Commissioners (such as clinical commissioning groups and NHS England) ensure that they commission services in which people aged 14 and over with suspected or confirmed severe mental illness are asked about coexisting substance misuse. They monitor whether the services they commission have effective joint working arrangements to provide care and support for people with coexisting severe mental illness and substance misuse.

People aged 14 and over with suspected or confirmed severe mental illness are asked whether they drink alcohol or use drugs (prescription and non-prescription). If alcohol or drugs are affecting their physical and mental health or relationships, or might do in the future, they are offered help and support.

Definitions of terms used in this quality statement

Severe mental illness

Severe mental illness includes a clinical diagnosis of schizophrenia, schizotypal and delusional disorders, bipolar affective disorder, or severe depressive episodes with or without psychosis.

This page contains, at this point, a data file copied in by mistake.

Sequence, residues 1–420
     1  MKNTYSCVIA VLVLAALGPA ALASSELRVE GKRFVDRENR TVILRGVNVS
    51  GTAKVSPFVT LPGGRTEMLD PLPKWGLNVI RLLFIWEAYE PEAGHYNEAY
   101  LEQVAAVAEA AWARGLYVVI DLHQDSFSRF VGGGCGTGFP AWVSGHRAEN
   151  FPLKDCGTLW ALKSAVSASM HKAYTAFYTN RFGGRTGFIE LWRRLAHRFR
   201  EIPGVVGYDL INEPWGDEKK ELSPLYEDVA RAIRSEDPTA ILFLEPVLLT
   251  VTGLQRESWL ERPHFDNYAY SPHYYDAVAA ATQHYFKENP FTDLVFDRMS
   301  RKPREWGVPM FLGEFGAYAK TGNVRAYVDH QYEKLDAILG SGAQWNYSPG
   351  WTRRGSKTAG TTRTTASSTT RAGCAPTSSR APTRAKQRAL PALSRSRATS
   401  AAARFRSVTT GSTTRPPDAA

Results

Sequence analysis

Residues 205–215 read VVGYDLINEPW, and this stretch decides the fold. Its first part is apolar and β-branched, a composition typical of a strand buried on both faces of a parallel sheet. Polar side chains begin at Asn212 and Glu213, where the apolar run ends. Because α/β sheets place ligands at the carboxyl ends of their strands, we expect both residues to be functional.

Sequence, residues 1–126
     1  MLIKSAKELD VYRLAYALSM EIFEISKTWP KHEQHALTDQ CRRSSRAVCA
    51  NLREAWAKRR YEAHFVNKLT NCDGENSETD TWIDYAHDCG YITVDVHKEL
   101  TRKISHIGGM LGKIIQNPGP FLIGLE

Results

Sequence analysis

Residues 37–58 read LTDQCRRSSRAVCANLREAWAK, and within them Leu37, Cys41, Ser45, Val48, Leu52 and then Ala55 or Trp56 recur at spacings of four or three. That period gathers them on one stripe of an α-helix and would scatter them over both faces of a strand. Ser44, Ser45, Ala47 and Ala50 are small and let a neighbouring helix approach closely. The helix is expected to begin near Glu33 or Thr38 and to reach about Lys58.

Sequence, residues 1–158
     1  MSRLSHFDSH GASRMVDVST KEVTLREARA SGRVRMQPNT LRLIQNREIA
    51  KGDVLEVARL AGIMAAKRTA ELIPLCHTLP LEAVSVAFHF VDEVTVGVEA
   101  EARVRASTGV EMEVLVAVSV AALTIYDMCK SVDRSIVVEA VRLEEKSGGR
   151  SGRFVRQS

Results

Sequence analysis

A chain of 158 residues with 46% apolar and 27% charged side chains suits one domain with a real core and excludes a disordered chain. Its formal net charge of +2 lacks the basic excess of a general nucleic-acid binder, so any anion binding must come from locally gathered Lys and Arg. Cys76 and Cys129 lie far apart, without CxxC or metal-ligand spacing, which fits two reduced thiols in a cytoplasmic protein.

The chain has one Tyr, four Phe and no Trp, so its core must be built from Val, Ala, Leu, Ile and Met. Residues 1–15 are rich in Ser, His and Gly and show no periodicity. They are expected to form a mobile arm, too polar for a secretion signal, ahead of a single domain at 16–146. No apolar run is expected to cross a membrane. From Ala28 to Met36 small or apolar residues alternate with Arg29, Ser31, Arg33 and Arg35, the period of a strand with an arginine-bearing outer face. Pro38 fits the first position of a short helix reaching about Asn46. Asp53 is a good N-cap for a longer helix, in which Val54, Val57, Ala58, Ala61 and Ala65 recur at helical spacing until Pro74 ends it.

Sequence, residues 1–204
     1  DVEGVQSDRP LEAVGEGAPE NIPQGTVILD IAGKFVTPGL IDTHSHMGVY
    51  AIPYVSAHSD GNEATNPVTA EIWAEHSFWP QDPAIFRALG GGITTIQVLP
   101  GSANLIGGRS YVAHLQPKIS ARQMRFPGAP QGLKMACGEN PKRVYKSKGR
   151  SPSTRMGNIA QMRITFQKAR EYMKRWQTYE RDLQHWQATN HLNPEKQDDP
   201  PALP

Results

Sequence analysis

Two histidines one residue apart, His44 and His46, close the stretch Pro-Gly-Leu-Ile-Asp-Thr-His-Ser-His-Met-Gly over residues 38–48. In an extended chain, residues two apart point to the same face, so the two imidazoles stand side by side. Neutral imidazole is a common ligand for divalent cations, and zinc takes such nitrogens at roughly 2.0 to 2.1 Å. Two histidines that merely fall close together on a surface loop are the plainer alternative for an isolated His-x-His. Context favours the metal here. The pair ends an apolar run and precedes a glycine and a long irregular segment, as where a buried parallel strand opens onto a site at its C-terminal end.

[NICE's guideline on coexisting severe mental illness and substance misuse: community health and social care services, terms used in this guideline]

Asking about use of alcohol and drugs

Healthcare professionals routinely ask people about their use of alcohol and prescribed and non-prescribed (including illicit) drugs (examples of drugs used include illegal drugs such as cannabis, cocaine, crack cocaine and heroin, prescribed drugs that have not been prescribed to the person using them or are not taken in the way that was intended such as diazepam and 'over-the-counter' medicines that can be bought from the chemist such as codeine linctus). People are also asked about their use of new psychoactive substances. The level of detail obtained depends on the setting and how much information the person wishes to provide at that time.

Where possible, the person should be asked about all of the following:

  • particular substance(s) used

  • quantity, frequency and pattern of use